IBM researchers will reveal details of a breakthrough in chip-making lithography later today that will lead to the production ultra-small microprocessors.
Current chip-making processes were considered unable to etch features on a microprocessor measuring fewer than 32 nanometres.
But using a high-index immersion variant of deep-ultraviolet optical lithography, the IBM researchers succeeded in creating structures on a chip measuring 29.9 nanometres.
"Our goal is to push optical lithography as far as we can so that the industry does not have to move to any expensive alternatives until absolutely necessary," said Dr Robert D Allen, manager of lithography materials at IBM's Almaden Research Centre.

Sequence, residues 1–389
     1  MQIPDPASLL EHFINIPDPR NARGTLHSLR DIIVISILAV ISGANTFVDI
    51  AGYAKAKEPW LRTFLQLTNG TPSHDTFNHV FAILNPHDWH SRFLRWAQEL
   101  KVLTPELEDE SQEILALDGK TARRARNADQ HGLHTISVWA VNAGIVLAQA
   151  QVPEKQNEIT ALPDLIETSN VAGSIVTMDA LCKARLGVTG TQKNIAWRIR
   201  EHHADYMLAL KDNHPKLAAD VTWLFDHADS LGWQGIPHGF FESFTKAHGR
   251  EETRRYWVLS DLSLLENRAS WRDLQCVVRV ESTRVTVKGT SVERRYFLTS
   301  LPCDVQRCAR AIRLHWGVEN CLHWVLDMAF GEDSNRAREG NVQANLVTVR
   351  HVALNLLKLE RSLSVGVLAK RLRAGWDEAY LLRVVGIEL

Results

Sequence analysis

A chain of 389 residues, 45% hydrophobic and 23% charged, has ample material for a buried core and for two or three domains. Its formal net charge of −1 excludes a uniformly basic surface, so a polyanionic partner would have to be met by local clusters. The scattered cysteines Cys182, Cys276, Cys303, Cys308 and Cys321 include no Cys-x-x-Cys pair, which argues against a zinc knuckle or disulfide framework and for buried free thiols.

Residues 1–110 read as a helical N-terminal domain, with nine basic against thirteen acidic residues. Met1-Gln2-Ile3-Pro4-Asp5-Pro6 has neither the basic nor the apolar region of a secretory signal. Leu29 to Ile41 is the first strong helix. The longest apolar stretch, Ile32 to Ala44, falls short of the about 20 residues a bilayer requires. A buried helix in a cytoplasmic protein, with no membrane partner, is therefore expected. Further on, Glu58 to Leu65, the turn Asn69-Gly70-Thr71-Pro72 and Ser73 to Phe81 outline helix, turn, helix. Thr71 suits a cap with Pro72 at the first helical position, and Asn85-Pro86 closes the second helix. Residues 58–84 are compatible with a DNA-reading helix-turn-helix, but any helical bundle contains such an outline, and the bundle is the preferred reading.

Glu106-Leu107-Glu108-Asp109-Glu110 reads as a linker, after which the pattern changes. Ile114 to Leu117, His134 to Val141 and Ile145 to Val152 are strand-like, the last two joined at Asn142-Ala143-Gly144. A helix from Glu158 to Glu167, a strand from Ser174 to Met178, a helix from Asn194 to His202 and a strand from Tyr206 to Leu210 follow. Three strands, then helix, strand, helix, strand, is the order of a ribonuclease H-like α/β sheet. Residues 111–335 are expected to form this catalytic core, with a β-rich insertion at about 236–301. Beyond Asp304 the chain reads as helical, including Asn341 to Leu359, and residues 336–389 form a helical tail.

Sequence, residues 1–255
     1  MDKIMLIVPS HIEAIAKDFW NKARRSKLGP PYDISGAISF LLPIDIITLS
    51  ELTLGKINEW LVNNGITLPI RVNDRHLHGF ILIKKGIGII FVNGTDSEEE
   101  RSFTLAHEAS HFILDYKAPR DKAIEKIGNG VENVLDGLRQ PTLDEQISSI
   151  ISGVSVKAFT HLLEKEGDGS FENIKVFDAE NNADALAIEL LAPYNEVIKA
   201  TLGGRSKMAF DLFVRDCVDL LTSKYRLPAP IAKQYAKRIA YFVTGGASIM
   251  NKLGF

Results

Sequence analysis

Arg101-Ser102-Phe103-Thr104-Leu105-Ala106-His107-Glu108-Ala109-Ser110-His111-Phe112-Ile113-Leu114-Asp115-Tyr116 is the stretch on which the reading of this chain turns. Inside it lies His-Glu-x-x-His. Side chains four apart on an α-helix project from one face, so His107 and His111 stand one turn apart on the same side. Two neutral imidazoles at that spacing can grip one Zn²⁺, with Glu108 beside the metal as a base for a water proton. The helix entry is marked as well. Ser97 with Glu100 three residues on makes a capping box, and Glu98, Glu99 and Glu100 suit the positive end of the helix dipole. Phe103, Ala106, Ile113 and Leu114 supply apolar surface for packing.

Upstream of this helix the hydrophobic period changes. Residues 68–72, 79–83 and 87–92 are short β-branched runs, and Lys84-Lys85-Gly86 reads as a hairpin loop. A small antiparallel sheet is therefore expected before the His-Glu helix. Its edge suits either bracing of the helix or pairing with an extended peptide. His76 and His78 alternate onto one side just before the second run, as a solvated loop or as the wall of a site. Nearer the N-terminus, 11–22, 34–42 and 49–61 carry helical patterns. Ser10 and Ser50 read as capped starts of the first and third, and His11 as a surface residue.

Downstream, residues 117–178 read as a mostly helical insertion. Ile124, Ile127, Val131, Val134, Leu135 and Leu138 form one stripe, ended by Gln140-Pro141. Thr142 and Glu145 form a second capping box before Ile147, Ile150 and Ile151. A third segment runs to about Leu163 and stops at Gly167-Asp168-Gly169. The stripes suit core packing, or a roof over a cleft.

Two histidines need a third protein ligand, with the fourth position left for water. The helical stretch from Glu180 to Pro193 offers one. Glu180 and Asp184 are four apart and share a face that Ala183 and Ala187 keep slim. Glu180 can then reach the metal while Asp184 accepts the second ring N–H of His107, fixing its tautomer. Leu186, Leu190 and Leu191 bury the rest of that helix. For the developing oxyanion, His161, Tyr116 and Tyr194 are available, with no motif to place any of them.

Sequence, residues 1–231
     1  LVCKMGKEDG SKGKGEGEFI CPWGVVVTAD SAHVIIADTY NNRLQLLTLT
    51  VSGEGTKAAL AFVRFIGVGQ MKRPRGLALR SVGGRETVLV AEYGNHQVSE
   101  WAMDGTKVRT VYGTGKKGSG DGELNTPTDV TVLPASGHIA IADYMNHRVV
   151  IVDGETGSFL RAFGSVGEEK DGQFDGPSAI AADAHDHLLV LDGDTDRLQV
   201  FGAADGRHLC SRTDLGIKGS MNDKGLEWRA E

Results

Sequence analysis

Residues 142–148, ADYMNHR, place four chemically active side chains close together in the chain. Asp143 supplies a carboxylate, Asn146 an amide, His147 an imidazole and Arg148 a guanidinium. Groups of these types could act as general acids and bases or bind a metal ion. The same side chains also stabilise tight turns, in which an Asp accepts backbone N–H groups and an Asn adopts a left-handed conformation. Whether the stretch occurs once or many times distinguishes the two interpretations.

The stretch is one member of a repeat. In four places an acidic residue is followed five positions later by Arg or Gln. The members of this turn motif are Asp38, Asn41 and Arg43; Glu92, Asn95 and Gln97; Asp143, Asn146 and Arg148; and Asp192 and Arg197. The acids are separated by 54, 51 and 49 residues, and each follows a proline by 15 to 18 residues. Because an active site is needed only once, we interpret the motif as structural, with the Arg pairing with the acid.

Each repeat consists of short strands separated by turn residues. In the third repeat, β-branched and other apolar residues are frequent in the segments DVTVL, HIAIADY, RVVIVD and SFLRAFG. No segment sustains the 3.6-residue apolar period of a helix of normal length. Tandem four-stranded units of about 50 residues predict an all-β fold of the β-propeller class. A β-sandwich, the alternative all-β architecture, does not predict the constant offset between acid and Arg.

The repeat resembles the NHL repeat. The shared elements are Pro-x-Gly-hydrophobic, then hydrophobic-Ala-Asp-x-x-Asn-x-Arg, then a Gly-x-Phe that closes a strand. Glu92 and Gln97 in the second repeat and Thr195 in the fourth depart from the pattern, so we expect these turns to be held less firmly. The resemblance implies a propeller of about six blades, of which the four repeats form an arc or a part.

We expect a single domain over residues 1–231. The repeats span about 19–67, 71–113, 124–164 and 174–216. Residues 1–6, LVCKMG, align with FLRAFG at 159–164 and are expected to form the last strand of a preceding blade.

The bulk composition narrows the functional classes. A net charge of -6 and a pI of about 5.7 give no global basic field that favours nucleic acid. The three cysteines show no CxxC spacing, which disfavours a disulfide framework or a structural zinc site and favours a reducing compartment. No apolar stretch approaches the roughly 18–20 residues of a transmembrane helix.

"This result is the strongest evidence to date that the industry may have at least seven years of breathing room before any radical changes in chip-making techniques are needed."
Most of today's processors use 90-nanometre technology. Intel started shipping the first 65-nanometre chips late last year, and expects such components to become the norm by the third quarter of 2006.
IBM's breakthrough will be unveiled at the SPIE Microlithography 2006 conference in San José later today.
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